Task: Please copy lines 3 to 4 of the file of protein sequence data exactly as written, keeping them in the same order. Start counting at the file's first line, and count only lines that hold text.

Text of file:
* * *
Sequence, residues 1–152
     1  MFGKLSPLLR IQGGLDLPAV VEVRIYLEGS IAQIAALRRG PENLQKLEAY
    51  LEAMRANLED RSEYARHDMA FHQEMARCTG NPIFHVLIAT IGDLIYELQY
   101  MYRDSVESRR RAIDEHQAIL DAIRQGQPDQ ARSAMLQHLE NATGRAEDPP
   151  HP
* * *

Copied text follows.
    51  LEAMRANLED RSEYARHDMA FHQEMARCTG NPIFHVLIAT IGDLIYELQY
   101  MYRDSVESRR RAIDEHQAIL DAIRQGQPDQ ARSAMLQHLE NATGRAEDPP